Degree of reduction of Upro was well correlated with peripheral and central hemodynamics.
Recently, Tomiyama et al.  clearly demonstrated in middle aged healthy Japanese men that proteinuria was associated with an increased brachial-ankle PWV, radial AI, and SBP2 although only 2.9% of patients that participated in this study had proteinuria. Similarly, Weir et al.  demonstrated that SBP and PWV were both associated with variations in proteinuria in patients with CKD in a cross-sectional cohort of patients with CKD.
Finally, the crosstalk between peripheral and central circulation needs to be discussed. There are several important forms of crosstalk between the macro- and microcirculation in hypertension. The first is the effect of an enhanced pulse pressure on small arteries.
It is suggested that at the level of the kidney, central as well as peripheral hemodynamics contribute to producing albuminuria and other forms of renal damage . Although the present study was a relatively small one, it demonstrated that the recurring patterns of proteinuria could be abolished by changes from ARBs to aliskiren.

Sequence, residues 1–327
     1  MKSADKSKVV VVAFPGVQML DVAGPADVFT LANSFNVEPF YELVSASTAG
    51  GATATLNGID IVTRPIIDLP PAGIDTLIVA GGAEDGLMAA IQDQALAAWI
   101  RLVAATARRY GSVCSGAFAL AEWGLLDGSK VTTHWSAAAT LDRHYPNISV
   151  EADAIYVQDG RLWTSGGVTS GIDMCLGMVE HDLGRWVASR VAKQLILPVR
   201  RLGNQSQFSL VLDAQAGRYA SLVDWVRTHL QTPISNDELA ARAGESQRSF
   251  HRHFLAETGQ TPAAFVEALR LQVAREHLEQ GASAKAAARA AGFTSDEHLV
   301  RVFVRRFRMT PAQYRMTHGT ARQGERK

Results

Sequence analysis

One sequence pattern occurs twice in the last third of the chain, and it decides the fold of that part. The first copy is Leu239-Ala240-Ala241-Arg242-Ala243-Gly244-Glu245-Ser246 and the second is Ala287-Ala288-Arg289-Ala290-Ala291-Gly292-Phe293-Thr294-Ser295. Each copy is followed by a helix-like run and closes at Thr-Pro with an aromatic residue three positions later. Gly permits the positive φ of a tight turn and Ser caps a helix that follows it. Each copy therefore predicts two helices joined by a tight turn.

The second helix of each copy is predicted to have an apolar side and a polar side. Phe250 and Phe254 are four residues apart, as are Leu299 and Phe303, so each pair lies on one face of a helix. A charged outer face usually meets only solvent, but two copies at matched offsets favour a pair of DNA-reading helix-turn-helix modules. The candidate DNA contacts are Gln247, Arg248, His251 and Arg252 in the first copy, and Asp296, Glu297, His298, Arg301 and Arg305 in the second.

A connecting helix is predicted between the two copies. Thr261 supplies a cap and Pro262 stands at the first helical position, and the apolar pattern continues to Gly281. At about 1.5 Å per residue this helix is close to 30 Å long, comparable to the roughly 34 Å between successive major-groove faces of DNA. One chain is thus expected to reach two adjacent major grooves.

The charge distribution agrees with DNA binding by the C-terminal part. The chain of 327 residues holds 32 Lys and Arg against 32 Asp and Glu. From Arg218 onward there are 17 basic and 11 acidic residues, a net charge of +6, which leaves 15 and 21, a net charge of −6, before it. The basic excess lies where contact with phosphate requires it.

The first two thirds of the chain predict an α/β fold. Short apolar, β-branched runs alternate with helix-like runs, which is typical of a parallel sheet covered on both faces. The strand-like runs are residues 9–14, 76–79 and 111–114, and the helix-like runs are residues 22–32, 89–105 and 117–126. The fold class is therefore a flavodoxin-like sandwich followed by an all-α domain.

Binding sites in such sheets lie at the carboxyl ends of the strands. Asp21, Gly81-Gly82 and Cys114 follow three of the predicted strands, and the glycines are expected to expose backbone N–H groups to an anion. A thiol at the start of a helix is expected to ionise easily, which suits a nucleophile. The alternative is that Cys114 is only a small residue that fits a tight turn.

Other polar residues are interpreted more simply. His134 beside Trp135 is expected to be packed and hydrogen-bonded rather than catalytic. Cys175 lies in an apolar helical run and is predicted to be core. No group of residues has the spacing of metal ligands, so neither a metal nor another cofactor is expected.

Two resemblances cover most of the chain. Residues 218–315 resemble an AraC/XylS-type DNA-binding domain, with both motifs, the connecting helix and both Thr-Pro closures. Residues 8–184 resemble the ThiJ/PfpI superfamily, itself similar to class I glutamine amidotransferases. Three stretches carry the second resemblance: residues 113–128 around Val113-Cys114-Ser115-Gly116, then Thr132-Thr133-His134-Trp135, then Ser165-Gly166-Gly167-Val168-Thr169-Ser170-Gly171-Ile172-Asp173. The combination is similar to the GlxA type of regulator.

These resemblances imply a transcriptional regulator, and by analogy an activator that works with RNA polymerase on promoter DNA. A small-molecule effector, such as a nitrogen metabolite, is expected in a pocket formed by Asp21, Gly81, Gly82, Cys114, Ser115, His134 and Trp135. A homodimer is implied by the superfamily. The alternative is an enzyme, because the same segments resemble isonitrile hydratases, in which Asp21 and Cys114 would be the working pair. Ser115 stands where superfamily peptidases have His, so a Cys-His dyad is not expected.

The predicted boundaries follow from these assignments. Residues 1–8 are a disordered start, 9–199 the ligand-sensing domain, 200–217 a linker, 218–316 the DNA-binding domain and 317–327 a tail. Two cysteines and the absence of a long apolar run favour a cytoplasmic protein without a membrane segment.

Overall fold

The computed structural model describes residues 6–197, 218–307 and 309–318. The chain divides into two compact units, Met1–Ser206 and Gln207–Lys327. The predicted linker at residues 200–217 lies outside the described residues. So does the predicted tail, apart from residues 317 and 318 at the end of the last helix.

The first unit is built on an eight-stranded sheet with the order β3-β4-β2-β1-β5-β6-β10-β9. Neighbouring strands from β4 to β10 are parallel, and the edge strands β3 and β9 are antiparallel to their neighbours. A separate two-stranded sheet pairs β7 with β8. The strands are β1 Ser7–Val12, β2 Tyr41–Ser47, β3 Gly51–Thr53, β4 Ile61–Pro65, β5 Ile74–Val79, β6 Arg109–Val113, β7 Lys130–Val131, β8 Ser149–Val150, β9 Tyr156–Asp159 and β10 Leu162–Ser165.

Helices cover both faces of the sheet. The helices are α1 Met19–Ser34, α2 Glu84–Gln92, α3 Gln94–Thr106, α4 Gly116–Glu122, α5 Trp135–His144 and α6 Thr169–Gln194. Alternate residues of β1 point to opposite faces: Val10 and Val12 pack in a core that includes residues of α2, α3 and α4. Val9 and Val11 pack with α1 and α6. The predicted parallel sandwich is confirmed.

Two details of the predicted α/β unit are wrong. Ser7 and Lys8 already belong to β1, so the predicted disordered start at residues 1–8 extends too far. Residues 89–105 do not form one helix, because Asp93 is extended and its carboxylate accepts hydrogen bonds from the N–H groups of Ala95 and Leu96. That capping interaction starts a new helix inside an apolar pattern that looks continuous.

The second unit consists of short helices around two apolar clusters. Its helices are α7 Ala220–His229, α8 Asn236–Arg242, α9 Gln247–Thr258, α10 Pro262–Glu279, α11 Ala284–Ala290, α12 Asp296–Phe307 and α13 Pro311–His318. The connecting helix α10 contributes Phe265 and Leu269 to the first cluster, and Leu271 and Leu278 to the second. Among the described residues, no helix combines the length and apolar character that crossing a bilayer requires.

The following limitations of this study are recognized: short follow-up of 6 months, no placebo control arm, no double blind trial, and small number of subjects. A single-arm study with open-label might be an improper setting to compare the effects of ARBs on Upro and BP control. However, in this pilot study, we attempted to alert clinicians to the importance of patient selection in using aliskiren in proteinuric CKD patients. Moreover, BP reduction is also an important therapeutic target. This is supported by the evidence from large-scale trials in the treatment of patients with overt proteinuria and CKD, indicating the importance of lower SBP treatment goal [23- 25]. In the present study, reduction of BP was not very large, but the levels of BP measured at home were higher compared with the targets of office BP. Alternatively, it is conceivable that the combination of aliskiren and reduction of BP may reduce UPro in CKD patients.
The reduction of BP might be more effective by improvement of peripheral and central hemodynamics assessed by PWV and central BP.
In conclusion, the present study suggested that aliskiren exerted its renoprotective action through improvement of central and peripheral hemodynamics.
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Citation: Suzuki H, Inoue T, Kikuta T, Takenaka T and Okada H. Aliskiren Reduces Proteinuria through changes in Central and Peripheral Hemodynamics in Chronic Kidney Disease Patients. Austin J Nephrol Hypertens. 2014;1(3): 1011. ISSN:964 2381-8